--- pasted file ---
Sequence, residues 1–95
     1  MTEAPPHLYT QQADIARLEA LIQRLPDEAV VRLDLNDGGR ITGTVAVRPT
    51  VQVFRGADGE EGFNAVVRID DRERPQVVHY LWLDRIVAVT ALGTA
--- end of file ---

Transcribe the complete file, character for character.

Sequence, residues 1–95
     1  MTEAPPHLYT QQADIARLEA LIQRLPDEAV VRLDLNDGGR ITGTVAVRPT
    51  VQVFRGADGE EGFNAVVRID DRERPQVVHY LWLDRIVAVT ALGTA